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I have the following formula that works when the ranges have more than 1 row, but generates a #VALUE error if there is only 1 row and one of the factors is blank.

=SUMPRODUCT(cost, units)

Cost    Units
   1         1
   2         1

The result is 3.

Cost    Units
   1         
   2         

The result is 0.

Cost    Units
   1         1

The result is 1.

Cost    Units
   1         

The result is #VALUE.

I can prevent the error by wrapping the formula in an IFERROR:

=IFERROR((SUMPRODUCT(cost, units)), 0)

Why does the SUMPRODUCT not work with only one row? Is there a better way to handle this than the IFERROR wrapper?

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2 Answers 2

up vote 2 down vote accepted

Try

=SUMPRODUCT(costs*units)

It is interesting to see in the Evaluate Formula Tool that the function goes through this stage:

enter image description here

and then presents the #Value! error. But if a cell contains the actual formula

=SUMPRODUCT(1,0)

then the result is 0. This looks like a bug.

Another possible syntax that does not present an error is

=SUMPRODUCT(--(costs),--(units))

Edit: After some more research and input from fellow Excel MVPs, here is an explanation for the behaviour described above: within Sumproduct, Excel coerces empty cells into zero values, BUT only if it's an array, i.e. a range consisting of more than one cell. A single cell range does not trigger the coercion and thus the empty cell is not coerced to 0.

The use of the multiplication operator or the double unary will also coerce the empty cell to a zero value.

It is confusing and slightly irritating, but if the input is a single empty cell that is not connected with operators or double unary,then the single, empty cell is taken at face value and will trigger the #Value! error, since it is not numeric.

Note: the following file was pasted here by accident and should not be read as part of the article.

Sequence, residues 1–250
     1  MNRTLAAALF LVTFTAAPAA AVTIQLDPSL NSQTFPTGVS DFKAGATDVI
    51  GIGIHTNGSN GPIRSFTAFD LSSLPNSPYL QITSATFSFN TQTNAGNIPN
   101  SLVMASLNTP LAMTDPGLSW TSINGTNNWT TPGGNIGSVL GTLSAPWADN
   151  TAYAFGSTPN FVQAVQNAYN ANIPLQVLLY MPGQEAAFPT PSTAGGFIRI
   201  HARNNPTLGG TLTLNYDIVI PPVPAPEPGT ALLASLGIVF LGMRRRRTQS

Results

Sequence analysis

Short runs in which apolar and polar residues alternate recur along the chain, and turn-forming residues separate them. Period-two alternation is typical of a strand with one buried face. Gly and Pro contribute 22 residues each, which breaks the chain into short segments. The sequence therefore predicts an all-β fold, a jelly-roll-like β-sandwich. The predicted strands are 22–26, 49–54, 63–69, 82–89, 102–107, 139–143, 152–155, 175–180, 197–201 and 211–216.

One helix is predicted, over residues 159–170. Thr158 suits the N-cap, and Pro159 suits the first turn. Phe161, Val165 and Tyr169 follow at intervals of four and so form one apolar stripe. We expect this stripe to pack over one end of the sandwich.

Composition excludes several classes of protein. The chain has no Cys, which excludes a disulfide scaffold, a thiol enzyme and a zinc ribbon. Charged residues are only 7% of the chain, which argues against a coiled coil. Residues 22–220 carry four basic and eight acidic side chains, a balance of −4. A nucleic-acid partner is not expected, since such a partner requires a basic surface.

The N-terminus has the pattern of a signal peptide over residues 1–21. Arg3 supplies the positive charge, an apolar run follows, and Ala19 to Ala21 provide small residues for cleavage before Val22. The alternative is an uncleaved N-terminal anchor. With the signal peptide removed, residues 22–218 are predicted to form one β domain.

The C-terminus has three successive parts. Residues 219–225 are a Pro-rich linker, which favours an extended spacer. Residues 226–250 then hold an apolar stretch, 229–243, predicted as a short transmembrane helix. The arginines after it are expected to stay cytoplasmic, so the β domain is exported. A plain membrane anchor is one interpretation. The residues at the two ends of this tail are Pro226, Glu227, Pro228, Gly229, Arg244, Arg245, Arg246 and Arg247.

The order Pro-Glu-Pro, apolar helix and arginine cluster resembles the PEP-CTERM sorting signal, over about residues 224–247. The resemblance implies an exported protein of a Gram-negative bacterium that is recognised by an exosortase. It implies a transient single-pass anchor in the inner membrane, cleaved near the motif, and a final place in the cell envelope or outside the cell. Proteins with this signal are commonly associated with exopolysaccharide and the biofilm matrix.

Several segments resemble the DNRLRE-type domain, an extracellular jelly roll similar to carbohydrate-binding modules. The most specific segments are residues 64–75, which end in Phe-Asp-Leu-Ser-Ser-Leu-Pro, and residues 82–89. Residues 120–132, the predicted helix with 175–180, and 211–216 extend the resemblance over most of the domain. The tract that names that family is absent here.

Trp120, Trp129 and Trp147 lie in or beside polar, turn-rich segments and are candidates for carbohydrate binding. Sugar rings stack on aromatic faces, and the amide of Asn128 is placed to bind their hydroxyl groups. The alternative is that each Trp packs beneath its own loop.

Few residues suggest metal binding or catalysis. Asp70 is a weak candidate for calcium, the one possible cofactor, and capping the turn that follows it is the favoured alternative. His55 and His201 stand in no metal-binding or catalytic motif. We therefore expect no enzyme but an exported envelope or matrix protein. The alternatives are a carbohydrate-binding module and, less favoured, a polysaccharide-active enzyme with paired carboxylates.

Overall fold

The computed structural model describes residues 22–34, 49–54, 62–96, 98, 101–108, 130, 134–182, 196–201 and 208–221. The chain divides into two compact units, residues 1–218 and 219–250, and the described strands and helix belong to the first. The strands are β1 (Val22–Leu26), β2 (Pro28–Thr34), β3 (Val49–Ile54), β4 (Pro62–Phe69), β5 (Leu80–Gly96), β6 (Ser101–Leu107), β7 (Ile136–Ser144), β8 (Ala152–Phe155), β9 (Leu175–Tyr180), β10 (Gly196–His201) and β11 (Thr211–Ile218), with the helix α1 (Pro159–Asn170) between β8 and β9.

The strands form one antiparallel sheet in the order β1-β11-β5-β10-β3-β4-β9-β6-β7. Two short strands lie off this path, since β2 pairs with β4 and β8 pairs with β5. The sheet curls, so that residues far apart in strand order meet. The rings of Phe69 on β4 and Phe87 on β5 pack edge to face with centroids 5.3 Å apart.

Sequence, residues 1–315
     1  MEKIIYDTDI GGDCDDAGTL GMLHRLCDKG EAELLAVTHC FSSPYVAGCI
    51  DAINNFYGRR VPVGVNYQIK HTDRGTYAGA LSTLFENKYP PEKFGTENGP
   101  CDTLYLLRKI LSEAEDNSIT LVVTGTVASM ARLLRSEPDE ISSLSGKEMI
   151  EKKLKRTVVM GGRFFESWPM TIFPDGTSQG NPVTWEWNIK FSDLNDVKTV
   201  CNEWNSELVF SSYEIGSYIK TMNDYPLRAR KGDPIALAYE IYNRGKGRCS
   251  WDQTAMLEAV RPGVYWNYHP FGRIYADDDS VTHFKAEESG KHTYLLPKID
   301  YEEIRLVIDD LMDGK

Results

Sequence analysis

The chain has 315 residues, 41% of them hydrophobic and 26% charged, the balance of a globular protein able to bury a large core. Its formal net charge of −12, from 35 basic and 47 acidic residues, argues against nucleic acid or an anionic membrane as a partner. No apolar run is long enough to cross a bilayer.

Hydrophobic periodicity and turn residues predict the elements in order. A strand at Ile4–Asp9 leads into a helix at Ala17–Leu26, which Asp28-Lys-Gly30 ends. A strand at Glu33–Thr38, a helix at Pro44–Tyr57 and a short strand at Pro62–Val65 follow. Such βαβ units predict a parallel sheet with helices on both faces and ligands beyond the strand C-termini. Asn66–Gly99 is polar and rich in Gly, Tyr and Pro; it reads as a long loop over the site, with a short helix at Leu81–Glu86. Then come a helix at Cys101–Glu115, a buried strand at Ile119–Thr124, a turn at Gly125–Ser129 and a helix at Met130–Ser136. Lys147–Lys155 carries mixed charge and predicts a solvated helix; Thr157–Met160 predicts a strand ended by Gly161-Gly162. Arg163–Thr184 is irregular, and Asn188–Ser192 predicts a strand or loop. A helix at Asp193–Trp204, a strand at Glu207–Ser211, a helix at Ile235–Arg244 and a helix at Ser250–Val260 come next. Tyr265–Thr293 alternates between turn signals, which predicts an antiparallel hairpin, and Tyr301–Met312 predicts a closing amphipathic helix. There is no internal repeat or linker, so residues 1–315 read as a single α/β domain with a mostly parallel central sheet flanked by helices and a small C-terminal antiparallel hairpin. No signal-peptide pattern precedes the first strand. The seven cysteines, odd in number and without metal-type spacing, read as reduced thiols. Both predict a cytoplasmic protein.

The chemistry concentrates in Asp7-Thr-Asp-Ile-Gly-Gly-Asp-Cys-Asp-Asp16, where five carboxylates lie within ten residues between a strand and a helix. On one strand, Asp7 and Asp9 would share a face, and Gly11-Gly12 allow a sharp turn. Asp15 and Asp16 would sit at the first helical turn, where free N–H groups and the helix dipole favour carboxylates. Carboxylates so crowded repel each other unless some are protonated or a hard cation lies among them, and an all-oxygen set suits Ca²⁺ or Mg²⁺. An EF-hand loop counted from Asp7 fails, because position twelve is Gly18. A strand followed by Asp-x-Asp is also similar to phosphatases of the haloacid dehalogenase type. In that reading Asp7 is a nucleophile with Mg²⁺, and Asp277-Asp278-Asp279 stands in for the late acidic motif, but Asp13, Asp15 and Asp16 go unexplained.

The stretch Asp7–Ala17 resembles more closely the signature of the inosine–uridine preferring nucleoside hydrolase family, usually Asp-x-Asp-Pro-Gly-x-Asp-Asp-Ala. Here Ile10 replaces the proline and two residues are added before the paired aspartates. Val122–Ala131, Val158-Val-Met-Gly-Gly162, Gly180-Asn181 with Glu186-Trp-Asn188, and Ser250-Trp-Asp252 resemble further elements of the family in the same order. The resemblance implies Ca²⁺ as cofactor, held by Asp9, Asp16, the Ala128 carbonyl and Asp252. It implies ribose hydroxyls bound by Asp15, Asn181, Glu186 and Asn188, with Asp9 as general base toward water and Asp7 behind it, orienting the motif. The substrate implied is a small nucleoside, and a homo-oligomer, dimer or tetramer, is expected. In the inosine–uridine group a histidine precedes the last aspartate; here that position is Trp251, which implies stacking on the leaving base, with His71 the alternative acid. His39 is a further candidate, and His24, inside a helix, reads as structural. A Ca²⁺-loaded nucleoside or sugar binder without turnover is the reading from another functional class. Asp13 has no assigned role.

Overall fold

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This behavior definitely looks like a bug. Thanks for the double-dash formula. I like it better than the IFERROR version. –  Head of Catering Mar 13 '13 at 23:18
1  
It's not a bug; it's how SUMPRODUCT works. The function requires that its arguments refer to range(s) have the same "dimensions." If the 2nd argument refers to an empty cell, the function is supposed to show an error. Empty cells are different from cells that have text, '0' and spaces, and are considered null. –  Ellesa Mar 13 '13 at 23:44
    
@Kaze - I disagree. It does not show an error if the ranges contain two cells each and one range is blank. Why should it show an error if the ranges are one cell each? Also, the Evaluate Formula tool shows exactly the same intermediate steps if the second range contains a 0 or a blank. –  teylyn Mar 14 '13 at 0:19
    
@Kaze - See Brad’s answer and the comments below it. To extrapolate your comment, empty cells are different from cells with numbers in them; i.e., they are not numeric. So SUMPRODUCT should treat them as zeros, as the documentation specifies, and as it does when there is more than one row. –  Scott Mar 14 '13 at 0:33
    
I've added some more explanation above. –  teylyn Mar 14 '13 at 7:57

From the MS documentation page

Remarks

  • The array arguments must have the same dimensions. If they do not, SUMPRODUCT returns the #VALUE! error value.
  • SUMPRODUCT treats array entries that are not numeric as if they were zeros.
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1  
The array arguments have the same dimensions in all of my examples. SUMPRODUCT is not treating non-numeric entries as if they were zeros in the case that is causing the #VALUE error. –  Head of Catering Mar 13 '13 at 18:10
1  
In your case you have something like: =SUMPRODUCT(A2,B2) where the arguments are cells rather than arrays, correct? Excel must be treating the blank cell as a null array leading to the #VALUE error. –  Brad Patton Mar 13 '13 at 19:22
    
That makes sense. I think you're right. –  Head of Catering Mar 13 '13 at 23:09
1  
As I like to say, “It’s an explanation, not an excuse.” The fact that you can explain how the code is working doesn’t mean that it’s not a bug; it means only that you understand the bug. =SUMPRODUCT(A2:A2,B2:B2) fails the same way. So I guess the bug is that Excel collapses =SUMPRODUCT(A2:A2,B2:B2) to =SUMPRODUCT(A2,B2) and then to A2*B2 –– a behavior that is not documented, as far as I can see. –  Scott Mar 14 '13 at 0:25

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